With site work underway and vertical construction slated to begin in September, summer sales have surged at Naples Square, a new community located at the corner of 5th Avenue South and Goodlette-Frank Road being developed by The Ronto Group. Ronto reported that five sales transactions valued at over $3.5 million were processed in July and that five new contracts totaling approximately $5 million have already been processed in August. Scheduled for completion by fall 2015, Phase I will include 73 residences.
With over 55 reservations received, its condominium documents approved, and final construction plans submitted for fast-track permitting, The Ronto Group announced it is now securing contracts for residences at Naples Square ahead of its originally anticipated schedule. Ronto is developing the Naples Square community at the corner of Fifth Avenue South and Goodlette-Frank Road in downtown Naples. Naples Square will bring a sense of cohesion to downtown by connecting 5th Avenue to Bayfront with access on 10th Street via Third Avenue South. The community’s walkable lifestyle will put the downtown district’s combination of expansive beaches, eclectic shopping, eateries, and entertainment venues at its residents’ doorstep. Naples Square’s seven beautifully finished floor plans range from over 1,200 to just under 3,000 square feet and are priced from the $500s. The community’s location, pricing, and floor plans have generated a sense of urgency with homebuyers. Ronto now anticipates breaking ground on Phase I’s 73 residences this summer with completion anticipated in third quarter 2015.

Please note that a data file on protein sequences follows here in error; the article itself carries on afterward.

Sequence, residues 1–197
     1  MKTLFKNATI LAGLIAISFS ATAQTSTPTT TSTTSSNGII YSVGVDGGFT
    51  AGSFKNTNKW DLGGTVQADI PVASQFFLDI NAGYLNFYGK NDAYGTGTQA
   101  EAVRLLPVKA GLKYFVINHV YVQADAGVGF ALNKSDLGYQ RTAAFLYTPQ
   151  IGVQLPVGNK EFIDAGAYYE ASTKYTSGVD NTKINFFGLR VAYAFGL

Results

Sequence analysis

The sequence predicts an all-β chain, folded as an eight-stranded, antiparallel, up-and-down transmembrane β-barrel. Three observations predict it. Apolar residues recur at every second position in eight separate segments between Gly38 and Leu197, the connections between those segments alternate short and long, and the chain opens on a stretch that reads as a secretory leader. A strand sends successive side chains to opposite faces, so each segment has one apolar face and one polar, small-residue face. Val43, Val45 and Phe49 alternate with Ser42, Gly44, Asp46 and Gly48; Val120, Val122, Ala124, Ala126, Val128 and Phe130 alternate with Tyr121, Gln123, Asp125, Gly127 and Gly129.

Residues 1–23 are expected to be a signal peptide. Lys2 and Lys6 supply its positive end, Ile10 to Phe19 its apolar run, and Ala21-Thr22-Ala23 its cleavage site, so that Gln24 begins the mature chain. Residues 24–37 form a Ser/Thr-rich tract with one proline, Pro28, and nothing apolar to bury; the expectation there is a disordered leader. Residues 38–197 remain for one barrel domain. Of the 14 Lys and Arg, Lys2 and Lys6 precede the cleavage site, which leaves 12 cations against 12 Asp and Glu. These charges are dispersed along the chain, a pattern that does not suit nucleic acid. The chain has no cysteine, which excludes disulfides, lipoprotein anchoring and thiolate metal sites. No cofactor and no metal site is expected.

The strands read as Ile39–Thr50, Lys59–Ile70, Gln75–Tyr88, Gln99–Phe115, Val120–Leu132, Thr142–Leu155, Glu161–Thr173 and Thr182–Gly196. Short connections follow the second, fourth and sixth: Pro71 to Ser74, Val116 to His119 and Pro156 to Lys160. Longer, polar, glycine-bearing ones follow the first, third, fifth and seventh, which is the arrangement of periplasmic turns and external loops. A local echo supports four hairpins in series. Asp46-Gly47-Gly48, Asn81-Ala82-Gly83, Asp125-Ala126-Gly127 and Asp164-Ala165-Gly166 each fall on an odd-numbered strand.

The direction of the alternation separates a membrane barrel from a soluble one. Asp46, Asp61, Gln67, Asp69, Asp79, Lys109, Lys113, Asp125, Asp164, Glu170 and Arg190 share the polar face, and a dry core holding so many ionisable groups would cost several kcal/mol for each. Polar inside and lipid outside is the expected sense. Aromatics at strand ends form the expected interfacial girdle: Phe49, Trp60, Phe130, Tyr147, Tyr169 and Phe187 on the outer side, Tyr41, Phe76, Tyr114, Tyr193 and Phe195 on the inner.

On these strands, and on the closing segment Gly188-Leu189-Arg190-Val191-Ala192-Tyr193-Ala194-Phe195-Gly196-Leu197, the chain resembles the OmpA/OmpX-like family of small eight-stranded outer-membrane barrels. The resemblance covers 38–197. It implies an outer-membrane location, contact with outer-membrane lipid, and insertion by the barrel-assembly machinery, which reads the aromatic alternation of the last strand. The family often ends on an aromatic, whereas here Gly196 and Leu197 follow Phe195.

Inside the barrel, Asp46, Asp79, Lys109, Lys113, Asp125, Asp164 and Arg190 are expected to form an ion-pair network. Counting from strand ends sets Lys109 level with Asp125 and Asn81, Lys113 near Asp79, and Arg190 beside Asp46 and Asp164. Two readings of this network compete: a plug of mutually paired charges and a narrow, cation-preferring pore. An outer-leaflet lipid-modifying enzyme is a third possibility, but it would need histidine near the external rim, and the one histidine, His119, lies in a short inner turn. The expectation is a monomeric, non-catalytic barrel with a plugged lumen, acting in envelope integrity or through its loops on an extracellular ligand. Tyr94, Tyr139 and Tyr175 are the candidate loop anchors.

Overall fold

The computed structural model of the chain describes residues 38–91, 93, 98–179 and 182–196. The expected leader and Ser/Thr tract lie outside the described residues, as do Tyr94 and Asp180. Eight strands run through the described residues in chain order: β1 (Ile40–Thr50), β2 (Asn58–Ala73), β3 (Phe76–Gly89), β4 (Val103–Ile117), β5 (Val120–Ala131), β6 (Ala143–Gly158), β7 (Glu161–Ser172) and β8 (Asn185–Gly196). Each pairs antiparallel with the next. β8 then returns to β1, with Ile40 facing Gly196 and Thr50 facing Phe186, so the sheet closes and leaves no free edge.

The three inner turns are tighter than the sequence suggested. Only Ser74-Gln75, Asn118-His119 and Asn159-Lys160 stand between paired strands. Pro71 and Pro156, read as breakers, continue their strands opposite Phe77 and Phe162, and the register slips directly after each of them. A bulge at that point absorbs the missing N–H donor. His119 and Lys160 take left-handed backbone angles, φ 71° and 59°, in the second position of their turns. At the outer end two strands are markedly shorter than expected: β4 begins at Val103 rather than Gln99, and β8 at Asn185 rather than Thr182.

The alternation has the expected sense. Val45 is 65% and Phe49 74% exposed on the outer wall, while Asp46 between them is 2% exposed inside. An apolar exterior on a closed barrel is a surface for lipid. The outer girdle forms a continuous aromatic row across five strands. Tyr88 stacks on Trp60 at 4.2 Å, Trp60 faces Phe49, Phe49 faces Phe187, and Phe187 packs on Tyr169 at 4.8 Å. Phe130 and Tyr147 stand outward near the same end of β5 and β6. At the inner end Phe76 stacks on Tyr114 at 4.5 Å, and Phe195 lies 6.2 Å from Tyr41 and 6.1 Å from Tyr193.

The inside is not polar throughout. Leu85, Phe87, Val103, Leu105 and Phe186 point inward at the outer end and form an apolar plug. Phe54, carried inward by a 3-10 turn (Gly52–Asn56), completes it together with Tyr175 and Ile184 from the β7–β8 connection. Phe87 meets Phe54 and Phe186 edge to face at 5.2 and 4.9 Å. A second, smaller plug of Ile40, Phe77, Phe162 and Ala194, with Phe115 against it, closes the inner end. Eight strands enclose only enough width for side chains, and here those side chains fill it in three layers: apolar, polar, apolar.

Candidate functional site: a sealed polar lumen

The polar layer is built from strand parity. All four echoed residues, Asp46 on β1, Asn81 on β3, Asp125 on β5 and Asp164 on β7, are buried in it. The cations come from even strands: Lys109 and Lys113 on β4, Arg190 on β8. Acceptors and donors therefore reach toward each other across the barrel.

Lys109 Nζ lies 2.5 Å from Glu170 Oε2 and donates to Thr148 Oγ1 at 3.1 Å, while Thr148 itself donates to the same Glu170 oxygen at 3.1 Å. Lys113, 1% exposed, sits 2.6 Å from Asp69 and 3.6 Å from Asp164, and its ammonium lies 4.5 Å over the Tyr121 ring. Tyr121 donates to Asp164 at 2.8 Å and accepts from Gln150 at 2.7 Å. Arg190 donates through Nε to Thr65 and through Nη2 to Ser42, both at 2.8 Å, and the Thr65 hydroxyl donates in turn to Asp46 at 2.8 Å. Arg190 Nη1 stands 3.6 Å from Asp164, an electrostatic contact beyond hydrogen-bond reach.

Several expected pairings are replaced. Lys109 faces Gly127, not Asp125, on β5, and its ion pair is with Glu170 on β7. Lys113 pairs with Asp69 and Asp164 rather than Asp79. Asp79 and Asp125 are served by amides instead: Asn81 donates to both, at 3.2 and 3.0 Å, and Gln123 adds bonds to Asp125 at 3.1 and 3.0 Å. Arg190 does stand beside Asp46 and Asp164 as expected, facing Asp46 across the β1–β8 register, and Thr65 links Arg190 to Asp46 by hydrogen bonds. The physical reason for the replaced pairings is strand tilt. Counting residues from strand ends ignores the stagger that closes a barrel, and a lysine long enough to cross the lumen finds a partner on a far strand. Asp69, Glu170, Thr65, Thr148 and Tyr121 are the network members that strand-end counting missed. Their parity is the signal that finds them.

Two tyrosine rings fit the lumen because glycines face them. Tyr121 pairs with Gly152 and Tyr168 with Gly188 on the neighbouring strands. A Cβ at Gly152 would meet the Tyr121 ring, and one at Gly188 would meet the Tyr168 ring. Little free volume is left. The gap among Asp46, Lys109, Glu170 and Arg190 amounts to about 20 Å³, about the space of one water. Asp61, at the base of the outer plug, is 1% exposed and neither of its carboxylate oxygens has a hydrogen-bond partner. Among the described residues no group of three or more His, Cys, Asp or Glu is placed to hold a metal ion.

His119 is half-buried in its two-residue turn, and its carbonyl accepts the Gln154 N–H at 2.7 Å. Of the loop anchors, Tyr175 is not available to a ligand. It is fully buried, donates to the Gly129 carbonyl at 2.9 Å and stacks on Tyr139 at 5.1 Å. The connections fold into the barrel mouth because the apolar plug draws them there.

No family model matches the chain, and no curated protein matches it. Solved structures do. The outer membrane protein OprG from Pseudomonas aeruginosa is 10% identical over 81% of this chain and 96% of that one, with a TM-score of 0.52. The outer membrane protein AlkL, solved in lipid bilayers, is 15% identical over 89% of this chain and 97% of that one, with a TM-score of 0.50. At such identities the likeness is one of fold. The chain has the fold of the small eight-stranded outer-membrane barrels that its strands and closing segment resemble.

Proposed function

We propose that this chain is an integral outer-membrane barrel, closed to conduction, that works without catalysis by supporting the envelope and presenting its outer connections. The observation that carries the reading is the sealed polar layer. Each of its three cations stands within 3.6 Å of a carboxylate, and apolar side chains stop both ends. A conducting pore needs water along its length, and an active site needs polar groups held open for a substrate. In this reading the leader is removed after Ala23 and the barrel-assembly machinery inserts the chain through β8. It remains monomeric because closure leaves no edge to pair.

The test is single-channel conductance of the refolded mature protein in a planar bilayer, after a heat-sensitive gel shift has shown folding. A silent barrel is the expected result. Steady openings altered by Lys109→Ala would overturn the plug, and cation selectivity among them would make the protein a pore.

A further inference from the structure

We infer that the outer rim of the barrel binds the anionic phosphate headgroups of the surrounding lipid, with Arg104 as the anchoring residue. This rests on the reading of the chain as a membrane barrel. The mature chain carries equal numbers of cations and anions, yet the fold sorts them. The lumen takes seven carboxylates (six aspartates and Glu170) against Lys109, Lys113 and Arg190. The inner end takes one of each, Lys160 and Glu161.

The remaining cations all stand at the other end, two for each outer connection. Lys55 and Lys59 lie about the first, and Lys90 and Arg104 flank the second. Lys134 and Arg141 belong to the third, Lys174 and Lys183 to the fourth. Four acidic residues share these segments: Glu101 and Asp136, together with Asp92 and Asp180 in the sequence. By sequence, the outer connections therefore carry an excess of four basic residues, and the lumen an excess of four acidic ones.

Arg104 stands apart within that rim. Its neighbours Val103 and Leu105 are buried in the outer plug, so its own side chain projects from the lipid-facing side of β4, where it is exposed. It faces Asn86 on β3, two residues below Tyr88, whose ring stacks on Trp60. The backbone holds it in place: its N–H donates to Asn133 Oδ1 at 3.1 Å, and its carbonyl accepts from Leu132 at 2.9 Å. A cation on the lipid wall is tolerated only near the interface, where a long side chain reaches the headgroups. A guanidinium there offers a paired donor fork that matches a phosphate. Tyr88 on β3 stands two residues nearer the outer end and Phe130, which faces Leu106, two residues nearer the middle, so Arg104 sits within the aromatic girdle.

An eclectic mixture of Bermuda, British West Indies, and Coastal Contemporary architectural styles created by Matthew Kragh, AIA, owner of MHK Architecture & Planning, will bring a timeless flavor to Naples Square, an enclave of residences ranging from 1,200 to 3,000 square feet being developed by The Ronto Group on the corner of Fifth Avenue South and Goodlette-Frank Road.
Anthony Solomon looked at the same numbers on existing condos in Naples as everyone else, and he came to the same conclusion as everyone else. But he acted before most others.
“There’s basically no supply,” reasoned Solomon, executive vice president of The Ronto Group.